VATICAN CITY – Catholics expect a lot from their priests and Pope Benedict XVI is no exception.
Some people might have thought the pope convoked the June 2009-2010 Year for Priests as a praise-fest for the church’s collared class, but instead he highlighted the importance of priests in the life of the church by exhorting them to live up to their calling.
In hundreds of speeches throughout the year and in a special three-part series during his weekly general audiences in April and May, Pope Benedict described the identity and mission of priests, asked Catholics to pray for their ministers and asked the men in black not just to be good priests, but to be holy.
The fact that the church’s handling of cases of priestly sex abuse came to the fore in Ireland and other European countries and then was back in the news in North America made it impossible during the Year for Priests for the pope or anyone else to ignore that a problem existed, even if it involved just a small portion of the world’s priests.
But, a South African priest said, “it was good that the abuse scandal came out this year. It is an opportunity to recognize our sinfulness and the importance of our behavior.”
The priest, Father Stanley Masilompana from the Archdiocese of Johannesburg, is studying in Rome and said that during the Year for Priests, he has come to the Vatican each Friday to pray the rosary.
Each day, among the thousands of visitors to St. Peter’s Square, there are dozens of priests such as Father Masilompana. Some come on their own to pray, while others are leading pilgrim groups.
Father Masilompana said he thought some of the media coverage of the sex abuse scandal was unfair, but “I still believe that if Christianity is not persecuted, it loses its meaning; we get too self-sufficient and think that God is not in charge.”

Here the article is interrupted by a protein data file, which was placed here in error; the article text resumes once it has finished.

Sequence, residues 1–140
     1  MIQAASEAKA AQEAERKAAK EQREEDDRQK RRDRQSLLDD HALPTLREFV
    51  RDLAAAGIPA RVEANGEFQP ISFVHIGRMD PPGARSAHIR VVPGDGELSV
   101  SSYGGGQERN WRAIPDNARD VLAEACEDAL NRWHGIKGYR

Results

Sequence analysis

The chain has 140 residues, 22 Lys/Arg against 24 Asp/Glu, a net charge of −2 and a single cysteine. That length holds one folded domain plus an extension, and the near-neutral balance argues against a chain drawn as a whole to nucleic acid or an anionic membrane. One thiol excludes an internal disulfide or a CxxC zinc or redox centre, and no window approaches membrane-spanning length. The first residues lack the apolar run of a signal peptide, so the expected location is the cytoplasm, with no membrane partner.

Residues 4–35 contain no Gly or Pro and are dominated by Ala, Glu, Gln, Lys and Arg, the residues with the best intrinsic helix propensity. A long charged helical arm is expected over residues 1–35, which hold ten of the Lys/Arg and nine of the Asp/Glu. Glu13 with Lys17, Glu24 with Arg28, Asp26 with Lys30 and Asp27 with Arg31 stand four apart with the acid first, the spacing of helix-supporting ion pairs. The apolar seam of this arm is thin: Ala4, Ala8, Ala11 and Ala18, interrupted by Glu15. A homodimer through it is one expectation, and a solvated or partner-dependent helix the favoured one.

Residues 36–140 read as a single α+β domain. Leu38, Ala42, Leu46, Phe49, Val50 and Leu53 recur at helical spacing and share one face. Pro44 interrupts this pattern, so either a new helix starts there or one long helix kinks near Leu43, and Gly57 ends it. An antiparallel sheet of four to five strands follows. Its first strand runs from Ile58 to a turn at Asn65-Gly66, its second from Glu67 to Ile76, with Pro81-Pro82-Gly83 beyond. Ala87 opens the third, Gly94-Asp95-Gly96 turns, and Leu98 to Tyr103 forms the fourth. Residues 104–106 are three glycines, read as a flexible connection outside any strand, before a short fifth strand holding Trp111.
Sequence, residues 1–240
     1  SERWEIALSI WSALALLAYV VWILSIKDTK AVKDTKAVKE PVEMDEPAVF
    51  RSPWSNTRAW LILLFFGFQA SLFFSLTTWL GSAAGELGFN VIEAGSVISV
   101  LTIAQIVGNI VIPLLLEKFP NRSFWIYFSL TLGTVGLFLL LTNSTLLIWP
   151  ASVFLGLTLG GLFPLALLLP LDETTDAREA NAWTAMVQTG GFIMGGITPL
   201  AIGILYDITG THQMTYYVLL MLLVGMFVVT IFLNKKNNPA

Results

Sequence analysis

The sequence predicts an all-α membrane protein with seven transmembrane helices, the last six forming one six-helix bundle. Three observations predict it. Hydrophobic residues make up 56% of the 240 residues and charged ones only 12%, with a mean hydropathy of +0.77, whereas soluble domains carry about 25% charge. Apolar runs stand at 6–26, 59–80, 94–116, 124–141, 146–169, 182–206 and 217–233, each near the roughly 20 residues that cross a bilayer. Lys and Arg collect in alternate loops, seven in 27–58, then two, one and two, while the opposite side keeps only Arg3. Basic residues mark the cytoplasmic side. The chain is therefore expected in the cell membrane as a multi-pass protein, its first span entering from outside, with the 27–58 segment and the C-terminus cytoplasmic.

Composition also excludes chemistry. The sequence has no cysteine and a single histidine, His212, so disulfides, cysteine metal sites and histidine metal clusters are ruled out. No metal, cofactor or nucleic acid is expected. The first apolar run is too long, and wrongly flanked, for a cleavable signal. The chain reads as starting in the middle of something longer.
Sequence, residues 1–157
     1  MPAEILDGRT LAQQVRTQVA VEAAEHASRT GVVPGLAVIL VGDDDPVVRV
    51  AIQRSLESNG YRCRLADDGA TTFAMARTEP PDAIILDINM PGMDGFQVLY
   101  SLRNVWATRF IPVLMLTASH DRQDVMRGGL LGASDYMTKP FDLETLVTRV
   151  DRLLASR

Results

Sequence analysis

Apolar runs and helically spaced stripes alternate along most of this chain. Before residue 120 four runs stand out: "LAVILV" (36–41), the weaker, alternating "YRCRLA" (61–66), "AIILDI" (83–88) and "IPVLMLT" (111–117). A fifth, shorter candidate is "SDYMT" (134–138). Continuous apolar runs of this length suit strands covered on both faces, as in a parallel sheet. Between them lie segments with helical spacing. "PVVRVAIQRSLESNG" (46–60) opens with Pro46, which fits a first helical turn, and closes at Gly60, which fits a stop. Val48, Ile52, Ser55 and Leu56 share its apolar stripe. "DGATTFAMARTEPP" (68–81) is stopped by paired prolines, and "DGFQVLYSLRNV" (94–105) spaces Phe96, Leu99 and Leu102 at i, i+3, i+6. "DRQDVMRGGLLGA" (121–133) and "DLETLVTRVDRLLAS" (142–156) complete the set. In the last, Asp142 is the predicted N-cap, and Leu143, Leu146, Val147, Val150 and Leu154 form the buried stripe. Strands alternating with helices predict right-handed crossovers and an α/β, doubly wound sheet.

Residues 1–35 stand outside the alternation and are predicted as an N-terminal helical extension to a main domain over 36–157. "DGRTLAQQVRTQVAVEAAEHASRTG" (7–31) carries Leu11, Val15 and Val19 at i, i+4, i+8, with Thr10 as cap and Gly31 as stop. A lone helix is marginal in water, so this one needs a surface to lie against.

God being in charge was one of the key points Pope Benedict made in his three audience talks on the ministry of priests.
Using the classical formulation of the “tria munera,” or three offices and tasks of a priest – to teach, sanctify and govern – the pope focused on how priests must allow Christ to act through them at all times.
The teaching role, he said April 14, is to make present, amid “the confusion and bewilderment of our times, the light of God’s word, the light that is Christ himself.”
“The priest does not teach his own ideas, a philosophy that he himself has invented, that he has discovered or liked,” he said, but “he proposes the truth that is Christ himself.”
The sanctifying role, he said May 5, involves putting people in touch with God, who is “light, truth, pure love” and doing so especially by offering the sacraments.
“Each priest knows well that he is an instrument necessary to God’s saving action, but also that he is always only an instrument. This awareness must make priests humble and generous in the administration of the sacraments,” the pope said.
The governing role, he said May 26, gets a bad rap in the modern world because people have seen too many examples of the abuse of power in governments and in relationships.
In the church, authority is a service of leadership “exercised not in one’s own name, but in the name of Jesus Christ,” who acts through priests to “guide, protect and correct his flock because he loves it deeply,” the pope said.
Father Vernon Clark, pastor of St. Anthony of Padua Parish in Cody, Wyo., didn’t really have a lot to say about governing when he was interviewed with a pilgrimage group in St. Peter’s Square June 2.
Teaching through classes and homilies and sanctifying through the celebration of the sacraments – especially the Eucharist and reconciliation – are the two most common elements of his ministry, he said.
“As for governance, if you are doing the other things well, then you already are leading the people,” he said.
Father Clark, whose parish includes Yellowstone National Park, said the cases of clerical sex abuse “break my heart.”
“It pierces my heart. It is a call to deepen our humility … and to give myself more and more to Jesus through my practice of chastity and celibacy,” he said.
For Father Christopher Mathaha, a student from Klerksdorp, South Africa, the Year for Priests was important.
“For once we find someone – the Holy Father – who says, ‘I care about priests,’“ he said.